But the nearer I come to it, the more that attitude strikes me as ridiculous. If transforming my body were of such minimal importance, then I wouldn’t be here. I wouldn’t have saved meticulously for five years to afford it. I wouldn’t have spent countless hours researching and reading reviews of different surgeons. I wouldn’t have travelled around the world to seek out this particular doctor who, according to what I’ve read, is a man placed on this earth for the sole purpose of transforming penises into vaginas, who is probably as comfortable turning penises into vaginas as I am arranging my spaghetti into smiley faces – or, for that matter, vaginas. And even considering his skill, if it were not so important, I wouldn’t be willing to risk my more-than-adequate current genitalia for the sake of it. She looks scared now – it’s okay, dear, you’re just evolving.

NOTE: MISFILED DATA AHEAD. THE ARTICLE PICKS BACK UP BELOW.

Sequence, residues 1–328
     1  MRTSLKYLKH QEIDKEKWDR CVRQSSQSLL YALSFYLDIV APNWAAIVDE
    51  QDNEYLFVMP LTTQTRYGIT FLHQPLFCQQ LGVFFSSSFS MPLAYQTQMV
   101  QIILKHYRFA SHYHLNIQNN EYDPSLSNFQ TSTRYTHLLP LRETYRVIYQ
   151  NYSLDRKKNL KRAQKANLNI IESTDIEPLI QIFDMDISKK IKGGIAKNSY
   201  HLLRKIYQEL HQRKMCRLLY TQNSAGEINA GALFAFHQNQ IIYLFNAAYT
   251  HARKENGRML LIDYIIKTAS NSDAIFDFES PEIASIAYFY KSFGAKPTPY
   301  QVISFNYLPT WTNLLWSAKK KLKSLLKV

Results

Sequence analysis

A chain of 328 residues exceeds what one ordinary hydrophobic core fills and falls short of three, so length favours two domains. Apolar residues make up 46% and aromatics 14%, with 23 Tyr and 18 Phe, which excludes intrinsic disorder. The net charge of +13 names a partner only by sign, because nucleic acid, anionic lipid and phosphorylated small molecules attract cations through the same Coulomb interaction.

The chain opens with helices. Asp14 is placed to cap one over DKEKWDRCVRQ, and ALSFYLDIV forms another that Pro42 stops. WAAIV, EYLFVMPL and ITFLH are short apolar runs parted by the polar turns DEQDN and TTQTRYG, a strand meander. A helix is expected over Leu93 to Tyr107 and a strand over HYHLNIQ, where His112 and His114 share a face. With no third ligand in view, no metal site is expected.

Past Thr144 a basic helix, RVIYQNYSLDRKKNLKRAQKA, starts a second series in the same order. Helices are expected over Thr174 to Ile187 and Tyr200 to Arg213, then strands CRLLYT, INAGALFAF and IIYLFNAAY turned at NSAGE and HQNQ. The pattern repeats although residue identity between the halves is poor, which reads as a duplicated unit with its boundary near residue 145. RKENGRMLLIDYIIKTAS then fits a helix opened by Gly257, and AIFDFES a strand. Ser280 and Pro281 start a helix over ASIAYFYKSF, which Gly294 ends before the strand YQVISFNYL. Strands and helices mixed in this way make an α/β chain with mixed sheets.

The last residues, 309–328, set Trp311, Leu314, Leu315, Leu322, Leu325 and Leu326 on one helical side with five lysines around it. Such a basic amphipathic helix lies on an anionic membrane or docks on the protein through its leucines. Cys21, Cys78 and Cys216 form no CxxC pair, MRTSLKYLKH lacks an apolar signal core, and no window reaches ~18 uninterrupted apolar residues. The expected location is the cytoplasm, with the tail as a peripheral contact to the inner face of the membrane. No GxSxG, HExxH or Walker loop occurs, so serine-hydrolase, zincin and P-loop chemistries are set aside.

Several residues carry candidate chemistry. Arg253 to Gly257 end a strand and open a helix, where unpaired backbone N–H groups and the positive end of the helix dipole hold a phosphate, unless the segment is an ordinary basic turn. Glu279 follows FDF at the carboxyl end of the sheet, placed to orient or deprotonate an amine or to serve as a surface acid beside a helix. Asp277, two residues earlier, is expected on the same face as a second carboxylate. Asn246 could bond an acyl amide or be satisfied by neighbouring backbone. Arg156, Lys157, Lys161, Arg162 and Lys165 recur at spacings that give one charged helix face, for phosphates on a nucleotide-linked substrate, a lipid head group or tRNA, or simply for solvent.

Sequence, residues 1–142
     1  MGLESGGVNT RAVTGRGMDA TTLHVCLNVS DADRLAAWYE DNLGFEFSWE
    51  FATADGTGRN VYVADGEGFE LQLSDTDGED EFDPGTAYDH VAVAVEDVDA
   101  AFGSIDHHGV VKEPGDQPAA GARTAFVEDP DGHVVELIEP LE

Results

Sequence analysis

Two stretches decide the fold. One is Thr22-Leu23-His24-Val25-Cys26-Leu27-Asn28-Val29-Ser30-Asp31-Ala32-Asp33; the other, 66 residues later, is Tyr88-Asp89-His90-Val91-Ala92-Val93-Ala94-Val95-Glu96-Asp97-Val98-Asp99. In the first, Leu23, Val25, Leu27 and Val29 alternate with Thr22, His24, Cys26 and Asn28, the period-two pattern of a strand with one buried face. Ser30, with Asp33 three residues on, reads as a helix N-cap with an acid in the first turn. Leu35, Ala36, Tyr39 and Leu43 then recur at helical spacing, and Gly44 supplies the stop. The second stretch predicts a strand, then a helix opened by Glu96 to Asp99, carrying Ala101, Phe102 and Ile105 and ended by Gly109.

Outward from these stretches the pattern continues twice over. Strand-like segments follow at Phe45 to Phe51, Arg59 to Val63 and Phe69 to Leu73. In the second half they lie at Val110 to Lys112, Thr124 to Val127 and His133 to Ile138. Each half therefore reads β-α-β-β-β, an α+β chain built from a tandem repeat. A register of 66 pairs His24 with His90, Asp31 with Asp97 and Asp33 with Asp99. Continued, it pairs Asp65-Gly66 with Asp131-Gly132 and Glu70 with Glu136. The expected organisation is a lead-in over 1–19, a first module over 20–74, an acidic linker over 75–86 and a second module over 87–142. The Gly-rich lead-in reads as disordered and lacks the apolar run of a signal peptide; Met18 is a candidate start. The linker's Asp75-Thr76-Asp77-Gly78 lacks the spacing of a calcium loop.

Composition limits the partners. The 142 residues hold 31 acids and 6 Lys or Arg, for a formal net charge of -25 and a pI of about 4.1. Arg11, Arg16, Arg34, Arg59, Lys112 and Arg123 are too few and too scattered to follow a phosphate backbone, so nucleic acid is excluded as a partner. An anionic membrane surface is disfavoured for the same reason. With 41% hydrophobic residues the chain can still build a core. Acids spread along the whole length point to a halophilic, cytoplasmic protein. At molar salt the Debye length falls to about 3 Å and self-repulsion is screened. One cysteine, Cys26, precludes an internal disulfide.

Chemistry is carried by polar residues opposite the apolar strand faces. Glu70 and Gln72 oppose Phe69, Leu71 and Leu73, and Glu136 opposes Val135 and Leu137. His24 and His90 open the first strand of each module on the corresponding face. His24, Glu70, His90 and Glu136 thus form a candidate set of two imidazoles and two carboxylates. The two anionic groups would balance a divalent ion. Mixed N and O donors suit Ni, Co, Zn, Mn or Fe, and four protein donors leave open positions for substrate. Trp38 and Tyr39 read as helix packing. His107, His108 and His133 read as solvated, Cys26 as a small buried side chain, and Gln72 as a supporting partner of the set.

For those who feel the kind of dissonance that I have always felt between my physical sex and my psychic gender, surgery is important. And if it’s important enough to seek out, it’s important enough to talk about. My resistance to talk too publicly about what it has always meant to me, and most people’s courtesy to avoid asking, now strike me as just as silly as a law forbidding anyone to touch the queen. Maybe there are good reasons for these rules, but there are also good reasons to break them. That’s why I was willing to publicly ask for help with a fundraiser last year, and that’s why I’ll now resuscitate this long-abandoned blog where I so often turned myself inside-out for one final entry as I prepare to turn myself outside-in, to talk about exactly what this means to me.